The U.S. Food and Drug Administration issued a draft guidance, Content of Premarket Submissions for Management of Cybersecurity in Medical Devices, which provides updated recommendations to industry on cybersecurity considerations for device design, labeling and documentation that the FDA recommends be included in premarket submissions for medical devices with cybersecurity risk.
The updated draft guidance builds on the framework that the FDA established in its earlier guidance, finalized in 2014, for helping manufacturers consider cybersecurity in the design and development of their medical devices. These updated recommendations will facilitate an efficient premarket review process and help ensure that medical devices are designed to sufficiently address cybersecurity threats before the devices are on the market.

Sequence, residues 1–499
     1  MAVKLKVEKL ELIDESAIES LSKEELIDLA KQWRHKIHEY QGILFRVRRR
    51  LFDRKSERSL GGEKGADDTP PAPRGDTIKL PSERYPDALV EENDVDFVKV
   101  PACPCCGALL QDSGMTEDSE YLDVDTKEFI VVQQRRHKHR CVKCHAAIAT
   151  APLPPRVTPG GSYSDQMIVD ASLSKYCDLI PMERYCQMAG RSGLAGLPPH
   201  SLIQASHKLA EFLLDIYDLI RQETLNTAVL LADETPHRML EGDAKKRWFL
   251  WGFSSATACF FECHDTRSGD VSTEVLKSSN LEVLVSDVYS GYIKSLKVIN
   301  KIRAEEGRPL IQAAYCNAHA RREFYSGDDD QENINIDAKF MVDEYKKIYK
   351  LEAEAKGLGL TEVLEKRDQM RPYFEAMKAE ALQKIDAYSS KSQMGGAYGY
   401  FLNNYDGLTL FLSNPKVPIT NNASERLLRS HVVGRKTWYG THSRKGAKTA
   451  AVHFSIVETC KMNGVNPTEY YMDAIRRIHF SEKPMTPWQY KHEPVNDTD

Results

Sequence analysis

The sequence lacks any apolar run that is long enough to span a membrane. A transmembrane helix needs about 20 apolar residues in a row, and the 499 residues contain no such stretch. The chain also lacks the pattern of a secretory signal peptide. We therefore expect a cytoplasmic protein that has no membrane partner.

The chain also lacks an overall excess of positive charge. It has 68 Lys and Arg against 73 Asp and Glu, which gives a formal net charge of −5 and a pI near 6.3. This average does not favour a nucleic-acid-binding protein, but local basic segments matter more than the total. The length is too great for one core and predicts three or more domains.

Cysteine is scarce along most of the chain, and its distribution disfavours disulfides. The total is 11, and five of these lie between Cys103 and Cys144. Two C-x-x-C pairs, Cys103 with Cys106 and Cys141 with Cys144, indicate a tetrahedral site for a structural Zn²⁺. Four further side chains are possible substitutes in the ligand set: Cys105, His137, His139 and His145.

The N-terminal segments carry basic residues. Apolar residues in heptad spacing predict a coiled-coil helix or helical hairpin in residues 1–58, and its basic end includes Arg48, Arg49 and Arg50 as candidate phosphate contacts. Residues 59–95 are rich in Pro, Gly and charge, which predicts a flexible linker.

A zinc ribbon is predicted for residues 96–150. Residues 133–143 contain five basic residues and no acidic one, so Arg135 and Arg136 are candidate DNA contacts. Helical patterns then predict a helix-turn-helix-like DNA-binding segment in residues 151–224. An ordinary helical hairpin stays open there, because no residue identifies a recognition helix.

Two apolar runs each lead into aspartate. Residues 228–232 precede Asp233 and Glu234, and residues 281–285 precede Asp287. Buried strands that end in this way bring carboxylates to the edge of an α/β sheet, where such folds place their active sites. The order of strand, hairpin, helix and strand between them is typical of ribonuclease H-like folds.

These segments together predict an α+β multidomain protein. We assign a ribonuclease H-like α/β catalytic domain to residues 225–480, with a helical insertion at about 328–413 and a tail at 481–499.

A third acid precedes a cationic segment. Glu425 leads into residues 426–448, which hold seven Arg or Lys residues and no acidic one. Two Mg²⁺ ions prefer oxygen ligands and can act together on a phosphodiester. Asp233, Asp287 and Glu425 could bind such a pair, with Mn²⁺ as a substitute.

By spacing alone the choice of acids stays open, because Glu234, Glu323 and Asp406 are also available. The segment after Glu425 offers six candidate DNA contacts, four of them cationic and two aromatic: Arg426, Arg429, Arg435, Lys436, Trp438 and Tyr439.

The draft guidance incorporates new recommendations, including a “cybersecurity bill of materials,” which is a list of commercial and/or off-the-shelf software and hardware components of a device that could be susceptible to vulnerabilities. Depending on the level of cybersecurity risk associated with a device, this list can be an important resource to help ensure that device users are able to respond quickly to potential threats. The draft guidance also introduces two tiers of devices—those with higher cybersecurity risk, including implanted devices such as pacemakers or neurostimulation devices, and standard cybersecurity risk, which includes devices that contain software—based on potential harm to patients from cybersecurity threats. The draft guidance outlines the documentation for inclusion in a premarket submission to the agency to demonstrate that the design of the medical device has adequately mitigated risk.
The agency also announced today a public workshop will be held on Jan. 29-30, 2019 to discuss the newly released draft guidance, which will bring together diverse stakeholders for an in-depth discussion to obtain feedback on the draft guidance.